Due to violence and battles in and around Syria millions of children have been displaced from homes and have subsequently made them vulnerable to recruitments into armed groups. Children are not only recruited but blatantly abducted from homes. These children, more often boys, are used by armed groups in fighting and suicide bombings while young girls and women are used for sexual slavery. Those recruited or not recruited are exposed to haunting images of war crimes creating fear and hatred in impressionable minds and psychological trauma that will last a life time. The number of children recruited, abducted and abused have increased in the last year – 1.3 million in 18 months. Wether abducted or not, children are deprived of a childhood. They are not afforded an education and/or they are forced not to attend school to work instead.
Afghanistan – Afghanistan’s children of war.
Afghanistan is amongst the most dangerous places in the world to be a child. Everyday the most vulnerable, women and children, are killed by roadside bombs and face escalating violence. Several children are orphaned by bombings and shootings and are forced into poverty. Years of international humanitarian and NGO aid has done little to improve conditions or to decrease abuse and violence. While NATO forces have withdrawn and international aid has done little to help, children of war are moving further and further away from ‘normal lives’.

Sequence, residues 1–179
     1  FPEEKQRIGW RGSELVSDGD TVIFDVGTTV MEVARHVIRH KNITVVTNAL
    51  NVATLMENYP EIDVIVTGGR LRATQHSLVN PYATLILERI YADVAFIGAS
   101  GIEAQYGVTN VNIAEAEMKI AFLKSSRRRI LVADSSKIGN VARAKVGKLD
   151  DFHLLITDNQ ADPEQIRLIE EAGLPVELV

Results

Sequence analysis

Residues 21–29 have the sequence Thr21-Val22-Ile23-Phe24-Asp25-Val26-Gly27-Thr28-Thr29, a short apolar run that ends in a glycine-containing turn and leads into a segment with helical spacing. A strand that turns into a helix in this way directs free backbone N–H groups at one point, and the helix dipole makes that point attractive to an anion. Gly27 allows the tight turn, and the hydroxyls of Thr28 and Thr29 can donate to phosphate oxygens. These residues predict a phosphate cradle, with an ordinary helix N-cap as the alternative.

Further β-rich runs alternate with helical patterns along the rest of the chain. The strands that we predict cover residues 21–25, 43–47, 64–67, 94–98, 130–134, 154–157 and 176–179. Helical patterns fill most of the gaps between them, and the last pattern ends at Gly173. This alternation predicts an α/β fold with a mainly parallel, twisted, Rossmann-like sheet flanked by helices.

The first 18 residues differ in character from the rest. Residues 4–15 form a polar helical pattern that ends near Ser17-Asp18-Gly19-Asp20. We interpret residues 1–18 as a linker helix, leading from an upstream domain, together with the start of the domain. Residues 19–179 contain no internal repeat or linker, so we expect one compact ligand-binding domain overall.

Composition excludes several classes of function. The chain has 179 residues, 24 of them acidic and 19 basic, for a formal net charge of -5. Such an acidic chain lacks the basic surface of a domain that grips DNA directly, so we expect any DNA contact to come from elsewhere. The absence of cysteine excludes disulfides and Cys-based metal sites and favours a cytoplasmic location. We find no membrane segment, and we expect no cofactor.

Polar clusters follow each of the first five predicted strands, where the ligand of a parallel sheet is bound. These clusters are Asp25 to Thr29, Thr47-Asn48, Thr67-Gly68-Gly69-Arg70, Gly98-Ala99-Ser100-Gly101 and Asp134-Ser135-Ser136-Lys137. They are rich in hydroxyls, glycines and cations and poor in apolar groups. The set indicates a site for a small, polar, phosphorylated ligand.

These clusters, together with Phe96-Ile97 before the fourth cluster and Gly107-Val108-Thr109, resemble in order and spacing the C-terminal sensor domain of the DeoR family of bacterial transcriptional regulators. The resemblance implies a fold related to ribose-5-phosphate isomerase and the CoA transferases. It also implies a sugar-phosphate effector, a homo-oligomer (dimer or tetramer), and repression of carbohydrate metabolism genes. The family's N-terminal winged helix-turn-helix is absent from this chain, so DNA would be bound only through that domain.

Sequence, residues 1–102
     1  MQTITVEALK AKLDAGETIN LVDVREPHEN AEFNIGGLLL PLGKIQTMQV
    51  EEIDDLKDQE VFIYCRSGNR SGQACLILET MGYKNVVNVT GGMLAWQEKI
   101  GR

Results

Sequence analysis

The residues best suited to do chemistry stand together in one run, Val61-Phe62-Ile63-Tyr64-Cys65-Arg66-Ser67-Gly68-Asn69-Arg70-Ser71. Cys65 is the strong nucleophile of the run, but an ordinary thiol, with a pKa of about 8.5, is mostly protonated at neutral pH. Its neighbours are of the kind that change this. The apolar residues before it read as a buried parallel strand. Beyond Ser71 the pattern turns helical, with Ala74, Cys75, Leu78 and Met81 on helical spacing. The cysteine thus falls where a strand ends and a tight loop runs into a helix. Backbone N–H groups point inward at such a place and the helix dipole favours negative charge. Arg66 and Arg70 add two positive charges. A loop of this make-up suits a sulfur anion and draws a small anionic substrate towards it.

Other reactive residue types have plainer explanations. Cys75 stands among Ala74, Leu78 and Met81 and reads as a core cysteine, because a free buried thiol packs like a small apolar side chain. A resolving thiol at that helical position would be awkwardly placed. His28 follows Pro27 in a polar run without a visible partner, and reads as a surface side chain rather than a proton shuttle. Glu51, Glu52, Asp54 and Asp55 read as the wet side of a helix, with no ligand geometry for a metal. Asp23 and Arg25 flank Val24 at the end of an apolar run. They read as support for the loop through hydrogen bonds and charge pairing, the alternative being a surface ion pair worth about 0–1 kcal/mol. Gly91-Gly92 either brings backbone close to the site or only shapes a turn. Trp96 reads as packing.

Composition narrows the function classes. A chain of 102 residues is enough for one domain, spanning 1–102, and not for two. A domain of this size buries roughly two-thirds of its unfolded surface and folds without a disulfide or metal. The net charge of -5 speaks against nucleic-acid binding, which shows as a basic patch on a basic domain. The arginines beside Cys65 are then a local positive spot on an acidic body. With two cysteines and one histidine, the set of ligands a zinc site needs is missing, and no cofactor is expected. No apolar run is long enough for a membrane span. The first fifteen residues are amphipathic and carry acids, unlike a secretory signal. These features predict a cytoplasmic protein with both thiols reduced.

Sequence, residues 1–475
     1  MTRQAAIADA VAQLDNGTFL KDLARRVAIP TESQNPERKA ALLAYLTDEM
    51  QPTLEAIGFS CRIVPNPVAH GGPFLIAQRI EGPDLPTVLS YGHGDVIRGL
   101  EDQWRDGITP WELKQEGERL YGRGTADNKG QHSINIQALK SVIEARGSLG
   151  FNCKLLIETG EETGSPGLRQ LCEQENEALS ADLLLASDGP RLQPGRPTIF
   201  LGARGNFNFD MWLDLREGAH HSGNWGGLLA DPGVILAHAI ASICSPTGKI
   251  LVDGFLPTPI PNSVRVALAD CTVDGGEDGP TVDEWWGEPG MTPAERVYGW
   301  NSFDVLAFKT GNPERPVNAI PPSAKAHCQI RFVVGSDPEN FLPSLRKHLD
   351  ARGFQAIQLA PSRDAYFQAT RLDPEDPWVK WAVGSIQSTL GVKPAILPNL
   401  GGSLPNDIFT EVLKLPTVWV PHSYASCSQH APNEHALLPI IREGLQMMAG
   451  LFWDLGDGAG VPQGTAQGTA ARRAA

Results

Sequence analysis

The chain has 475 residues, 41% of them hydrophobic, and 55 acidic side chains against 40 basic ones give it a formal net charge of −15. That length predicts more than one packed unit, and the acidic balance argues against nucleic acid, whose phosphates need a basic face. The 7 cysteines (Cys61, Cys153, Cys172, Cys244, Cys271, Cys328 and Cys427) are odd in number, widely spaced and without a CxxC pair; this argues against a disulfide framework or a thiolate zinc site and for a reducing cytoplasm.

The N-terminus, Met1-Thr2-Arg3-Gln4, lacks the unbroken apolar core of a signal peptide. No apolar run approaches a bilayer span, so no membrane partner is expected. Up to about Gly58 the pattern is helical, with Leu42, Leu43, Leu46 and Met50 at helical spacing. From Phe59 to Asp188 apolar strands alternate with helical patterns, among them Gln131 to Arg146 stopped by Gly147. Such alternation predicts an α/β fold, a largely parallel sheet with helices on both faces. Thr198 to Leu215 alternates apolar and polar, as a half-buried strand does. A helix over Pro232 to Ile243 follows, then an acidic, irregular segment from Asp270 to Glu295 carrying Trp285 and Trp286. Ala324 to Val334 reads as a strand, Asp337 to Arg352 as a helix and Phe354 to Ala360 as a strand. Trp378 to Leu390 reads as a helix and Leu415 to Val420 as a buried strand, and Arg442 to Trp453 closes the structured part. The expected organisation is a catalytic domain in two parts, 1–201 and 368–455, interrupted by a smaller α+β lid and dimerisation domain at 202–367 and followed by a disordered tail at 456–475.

Germany – Rape and child abuse ‘are rife in German refugee camps’: Unsegregated conditions blamed as women are ‘seen as fair game’ in overcrowded migrant centres.
Unaccompanied women and children in refugee camps across Germany and Europe are more vulnerable to rape and sexual assaults. While some incidents are reported, figures may actually be higher than reported since many incidents go unreported. If the problem goes unrecognized and untreated the number of incidents may rise due to the announcement that there is no limit to the number migrants the country would take. Although taking in an unlimited number of migrants may seem charitable and idealistic, the conditions men, women and children have to endure are often less than ideal, i.e. being unprotected, leaving women and children even more vulnerable to assaults.
Canada – Human trafficking can happen to any child.
A country’s success in economic and political development often times overlooks the problem of human trafficking. People believe that trafficking could not exist in a country like Canada. The misconceptions that are drawn between prostitution and human trafficking, e.g. thinking that working in the sex trade is always by choice, further contributes to the worsening of the human trafficking problem. The generalized abuse, manipulation and enslavement that is thought of Europe or South East Asia also characterizes human trafficking of women and children in North America. Also, the sex trade does not discriminate; young girls and boys of all varieties of social and economic class are forced into trafficking unbeknown to parents.
China – China says abusive child labour ring is exposed.
The New York Times.
Some cities in China should be recognized for the efforts they make towards eradicating child labor by penalizing businesses through institutional mechanisms. Despite efforts of the police in a Chinese province forming special task forces to search for child labourers, little to no information is provided by the police about the real numbers of child labourers or about the companies employing them. Business justify their use of child labour by citing the rising costs of labour, energy, raw material and labour shortages.